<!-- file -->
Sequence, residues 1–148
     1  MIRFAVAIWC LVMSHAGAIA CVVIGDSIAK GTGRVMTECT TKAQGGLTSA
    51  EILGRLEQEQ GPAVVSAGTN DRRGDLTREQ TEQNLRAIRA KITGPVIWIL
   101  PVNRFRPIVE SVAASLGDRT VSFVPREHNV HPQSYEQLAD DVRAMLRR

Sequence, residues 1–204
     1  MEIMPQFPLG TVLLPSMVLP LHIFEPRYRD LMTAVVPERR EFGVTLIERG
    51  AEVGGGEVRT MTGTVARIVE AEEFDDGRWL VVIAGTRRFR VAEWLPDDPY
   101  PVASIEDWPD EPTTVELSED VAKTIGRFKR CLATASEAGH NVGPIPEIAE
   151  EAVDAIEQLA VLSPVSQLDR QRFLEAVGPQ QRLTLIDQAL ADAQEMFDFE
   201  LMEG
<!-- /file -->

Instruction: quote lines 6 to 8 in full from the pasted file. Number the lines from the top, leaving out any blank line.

     1  MEIMPQFPLG TVLLPSMVLP LHIFEPRYRD LMTAVVPERR EFGVTLIERG
    51  AEVGGGEVRT MTGTVARIVE AEEFDDGRWL VVIAGTRRFR VAEWLPDDPY
   101  PVASIEDWPD EPTTVELSED VAKTIGRFKR CLATASEAGH NVGPIPEIAE